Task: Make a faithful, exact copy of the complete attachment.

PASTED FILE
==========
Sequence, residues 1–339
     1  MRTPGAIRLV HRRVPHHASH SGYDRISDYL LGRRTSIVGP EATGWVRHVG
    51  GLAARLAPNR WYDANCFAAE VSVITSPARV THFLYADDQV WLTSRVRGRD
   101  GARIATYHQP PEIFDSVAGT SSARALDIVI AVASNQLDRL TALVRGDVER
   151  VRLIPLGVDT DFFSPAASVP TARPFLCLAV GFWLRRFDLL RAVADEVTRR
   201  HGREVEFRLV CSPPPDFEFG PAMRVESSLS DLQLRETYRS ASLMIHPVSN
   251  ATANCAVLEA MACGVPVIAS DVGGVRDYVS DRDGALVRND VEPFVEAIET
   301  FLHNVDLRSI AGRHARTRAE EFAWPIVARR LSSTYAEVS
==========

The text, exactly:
Sequence, residues 1–339
     1  MRTPGAIRLV HRRVPHHASH SGYDRISDYL LGRRTSIVGP EATGWVRHVG
    51  GLAARLAPNR WYDANCFAAE VSVITSPARV THFLYADDQV WLTSRVRGRD
   101  GARIATYHQP PEIFDSVAGT SSARALDIVI AVASNQLDRL TALVRGDVER
   151  VRLIPLGVDT DFFSPAASVP TARPFLCLAV GFWLRRFDLL RAVADEVTRR
   201  HGREVEFRLV CSPPPDFEFG PAMRVESSLS DLQLRETYRS ASLMIHPVSN
   251  ATANCAVLEA MACGVPVIAS DVGGVRDYVS DRDGALVRND VEPFVEAIET
   301  FLHNVDLRSI AGRHARTRAE EFAWPIVARR LSSTYAEVS